Edfu’s temple (also known as The Temple of Horus) is one of the most stunning destinations to visit in Egypt’s incredible history to experience the audacious ambition of Egypt’s temple architects. The Edfu Temple is recognized as the crown jewel of Aswan’s wonderful city, where the legends of the past are revived in the most astounding way throughout this heavenly, magnificent landmark.
The Edfu Temple depicts a lost art that embodies the true essence of ancient Egyptian civilisation as seen through the eyes of the Ptolemaic dynasty. This temple was built on land thought to have seen the greatest battle in Egyptian mythology between the good and evil forces represented by the ancient Egyptian gods Horus and Set. It is the best preserved temple in Egypt and one of the last temples to be constructed in ancient Egypt’s history, serving as a last symbol of the ancient Egyptian heritage’s magnificence, majesty, and glory.
By the end of this article, you will learn all about Edfu’s temple history and why this temple still dominates the Nile-side town of Edfu city.
Let’s get started!
What is The Edfu Temple
- Edfu developed tremendously during the Ptolemaic era, and the most prominent tourist attraction there is Edfu Temple.
- The Temple of Horus in Edfu is quite new. Because of the building’s youth, it is one of Egypt’s best preserved temples and one of Upper Egypt’s major Nileside tourist destinations. For about 200 years, the monument was buried under nearly 40 feet (12 meters) of desert sand and Nile silt, which somehow helped to preserve it to near-perfection!
- The Temple of Horus at Edfu, built during the Ptolemy Dynasty (between 237 and 57 BC), is widely regarded as the most spectacular of all the Nile temples between Luxor and Aswan. It is located in Upper Egypt, 60 kilometers north of Aswan, on the west bank of the Nile River.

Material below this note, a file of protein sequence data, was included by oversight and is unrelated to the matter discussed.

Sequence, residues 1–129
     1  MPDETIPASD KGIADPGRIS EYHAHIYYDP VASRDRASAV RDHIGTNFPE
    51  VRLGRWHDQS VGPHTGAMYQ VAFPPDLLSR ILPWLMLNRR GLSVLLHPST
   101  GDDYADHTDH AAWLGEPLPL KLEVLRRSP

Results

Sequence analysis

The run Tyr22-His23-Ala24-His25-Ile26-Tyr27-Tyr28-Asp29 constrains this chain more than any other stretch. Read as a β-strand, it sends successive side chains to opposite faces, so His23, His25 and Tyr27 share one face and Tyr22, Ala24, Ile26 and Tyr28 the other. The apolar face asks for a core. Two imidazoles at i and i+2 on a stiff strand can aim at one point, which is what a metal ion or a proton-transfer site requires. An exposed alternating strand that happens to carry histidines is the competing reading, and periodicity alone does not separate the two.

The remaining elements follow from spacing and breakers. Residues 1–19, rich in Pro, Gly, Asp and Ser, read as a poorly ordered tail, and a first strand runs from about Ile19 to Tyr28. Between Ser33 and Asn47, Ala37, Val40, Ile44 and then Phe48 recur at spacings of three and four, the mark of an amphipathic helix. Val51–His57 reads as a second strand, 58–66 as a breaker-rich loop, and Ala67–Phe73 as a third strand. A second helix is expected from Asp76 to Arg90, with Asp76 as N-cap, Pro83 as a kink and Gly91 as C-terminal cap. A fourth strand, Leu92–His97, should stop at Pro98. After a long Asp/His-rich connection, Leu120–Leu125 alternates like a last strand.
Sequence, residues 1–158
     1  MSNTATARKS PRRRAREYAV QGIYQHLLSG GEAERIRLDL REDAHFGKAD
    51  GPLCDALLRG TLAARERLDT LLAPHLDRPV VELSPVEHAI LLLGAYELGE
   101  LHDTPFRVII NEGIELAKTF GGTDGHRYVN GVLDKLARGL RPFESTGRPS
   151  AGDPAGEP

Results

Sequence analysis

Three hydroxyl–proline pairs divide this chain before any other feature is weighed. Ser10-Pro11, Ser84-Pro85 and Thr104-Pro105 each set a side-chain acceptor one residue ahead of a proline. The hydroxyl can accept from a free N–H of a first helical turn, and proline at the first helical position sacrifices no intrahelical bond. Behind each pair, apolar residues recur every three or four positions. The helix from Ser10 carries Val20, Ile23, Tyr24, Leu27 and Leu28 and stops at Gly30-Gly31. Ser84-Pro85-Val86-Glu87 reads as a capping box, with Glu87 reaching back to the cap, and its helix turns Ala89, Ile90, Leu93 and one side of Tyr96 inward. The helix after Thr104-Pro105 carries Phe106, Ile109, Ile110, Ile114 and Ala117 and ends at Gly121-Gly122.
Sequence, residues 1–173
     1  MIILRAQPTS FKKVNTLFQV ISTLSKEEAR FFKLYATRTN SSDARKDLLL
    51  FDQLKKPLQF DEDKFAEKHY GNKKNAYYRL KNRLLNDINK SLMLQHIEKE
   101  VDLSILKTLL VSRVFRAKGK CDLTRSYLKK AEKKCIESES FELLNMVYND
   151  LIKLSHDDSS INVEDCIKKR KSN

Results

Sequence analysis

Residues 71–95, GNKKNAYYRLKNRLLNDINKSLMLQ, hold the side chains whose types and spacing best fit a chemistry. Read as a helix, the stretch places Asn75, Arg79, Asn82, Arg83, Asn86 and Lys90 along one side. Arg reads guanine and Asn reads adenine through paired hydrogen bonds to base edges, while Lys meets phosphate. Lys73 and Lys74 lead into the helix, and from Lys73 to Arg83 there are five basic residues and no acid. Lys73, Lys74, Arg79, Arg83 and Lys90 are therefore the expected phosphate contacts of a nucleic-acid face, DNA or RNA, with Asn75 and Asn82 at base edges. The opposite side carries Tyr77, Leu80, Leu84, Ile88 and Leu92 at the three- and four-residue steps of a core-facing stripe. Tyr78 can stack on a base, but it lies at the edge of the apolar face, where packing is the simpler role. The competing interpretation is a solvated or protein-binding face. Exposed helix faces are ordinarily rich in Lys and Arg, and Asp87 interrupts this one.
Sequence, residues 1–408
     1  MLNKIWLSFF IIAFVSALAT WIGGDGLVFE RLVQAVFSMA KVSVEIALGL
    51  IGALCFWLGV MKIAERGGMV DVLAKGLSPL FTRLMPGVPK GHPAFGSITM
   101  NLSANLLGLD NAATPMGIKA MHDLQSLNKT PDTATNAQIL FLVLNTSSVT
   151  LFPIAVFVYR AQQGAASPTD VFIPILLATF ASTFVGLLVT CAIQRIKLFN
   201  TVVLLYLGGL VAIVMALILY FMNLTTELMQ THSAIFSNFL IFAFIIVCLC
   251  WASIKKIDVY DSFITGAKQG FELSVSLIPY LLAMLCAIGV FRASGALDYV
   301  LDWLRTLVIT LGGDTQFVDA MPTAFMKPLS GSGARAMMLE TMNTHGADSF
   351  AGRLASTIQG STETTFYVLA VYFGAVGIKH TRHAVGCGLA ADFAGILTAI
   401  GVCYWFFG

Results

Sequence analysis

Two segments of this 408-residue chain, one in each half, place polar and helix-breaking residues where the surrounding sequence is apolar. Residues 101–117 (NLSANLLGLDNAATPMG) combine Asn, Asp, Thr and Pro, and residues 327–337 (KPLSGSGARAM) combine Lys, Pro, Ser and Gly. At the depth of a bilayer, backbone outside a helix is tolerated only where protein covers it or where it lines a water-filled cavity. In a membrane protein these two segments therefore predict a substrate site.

- Edfu’s temple was the focus of a triad of gods’ cult. The city of Edfu was known as “Apollopolis Magna” in Greek documents. The reason for this was that the Greeks associated Horus with their god Apollo.
- The enormous sandstone walls of the temple are decorated with massive hieroglyphics and sparkling friezes that mimic the patriotic decorations of former pharaohs. Within its immense chambers, strolling through colossal doorways and roaming ant-like along corridors that appear to have been designed for giants, you get a sense of Egypt’s pharaoh’s all-encompassing might.
As the largest temple dedicated to Horus, one of Egypt’s most important historic gods, statues of the falcon-headed god can be found all through the complex, and its extensive wall carvings have provided historians with valuable information about the Hellenistic period of Egyptian history: the magnificent reliefs provide insight into the religion, mythology, and way of life during the era.
The History of Edfu Temple
The Edfu Temple’s history exemplifies the profound admiration and connection between the Ptolemaic and ancient Egyptian cultures. The temple was started by Pharaoh Ptolemy Ill on August 23, 237 BC and was completed during the reign of Pharaoh Ptolemy XII in 57 BC.
Edfu was the ancient Egyptian Tbot, or Atbo in Coptic, from which the modern name derives. When the Greeks arrived in the Ptolemaic era, the ancient god of Horus was united with the Greek god Apollo to form Horus-Apollo. Apollinopolis Magna was given the name of the city as a result, and it became the capital of the second nome (region) of Upper Egypt.
According to Osiris’ legend, the temple was built on the site of a battle for ancient Egypt’s sovereignty between the falcon-headed god of protection and victory, Horus, and the god of the desert, war, and chaos, Seth. This is most likely why Horus was so well respected in this region.
Edfu’s temple was dedicated to Horus, Hathor of Dendera, and their son, the young Harsomtus, “Uniter of the Two Lands,” and was built on the site of an older temple.
Long inscriptions on the exterior of the enclosure wall, notably near the north end of the east and west sides, recount the history of its construction and provide a description of the entire complex.
A Temple Built by Successors of Ptolemaic Pharaohs